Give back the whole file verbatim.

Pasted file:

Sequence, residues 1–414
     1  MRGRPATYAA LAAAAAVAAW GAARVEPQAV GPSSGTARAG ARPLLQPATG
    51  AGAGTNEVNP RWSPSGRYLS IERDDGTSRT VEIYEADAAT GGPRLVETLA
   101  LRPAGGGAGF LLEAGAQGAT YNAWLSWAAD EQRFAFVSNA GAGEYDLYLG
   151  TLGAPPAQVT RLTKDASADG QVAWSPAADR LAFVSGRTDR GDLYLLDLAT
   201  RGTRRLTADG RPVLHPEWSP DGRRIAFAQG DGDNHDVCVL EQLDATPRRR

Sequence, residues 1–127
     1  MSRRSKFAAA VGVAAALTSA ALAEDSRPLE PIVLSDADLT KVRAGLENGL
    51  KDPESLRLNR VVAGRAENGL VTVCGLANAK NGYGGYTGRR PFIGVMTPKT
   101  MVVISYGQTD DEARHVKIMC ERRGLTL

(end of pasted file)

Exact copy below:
Sequence, residues 1–414
     1  MRGRPATYAA LAAAAAVAAW GAARVEPQAV GPSSGTARAG ARPLLQPATG
    51  AGAGTNEVNP RWSPSGRYLS IERDDGTSRT VEIYEADAAT GGPRLVETLA
   101  LRPAGGGAGF LLEAGAQGAT YNAWLSWAAD EQRFAFVSNA GAGEYDLYLG
   151  TLGAPPAQVT RLTKDASADG QVAWSPAADR LAFVSGRTDR GDLYLLDLAT
   201  RGTRRLTADG RPVLHPEWSP DGRRIAFAQG DGDNHDVCVL EQLDATPRRR

Sequence, residues 1–127
     1  MSRRSKFAAA VGVAAALTSA ALAEDSRPLE PIVLSDADLT KVRAGLENGL
    51  KDPESLRLNR VVAGRAENGL VTVCGLANAK NGYGGYTGRR PFIGVMTPKT
   101  MVVISYGQTD DEARHVKIMC ERRGLTL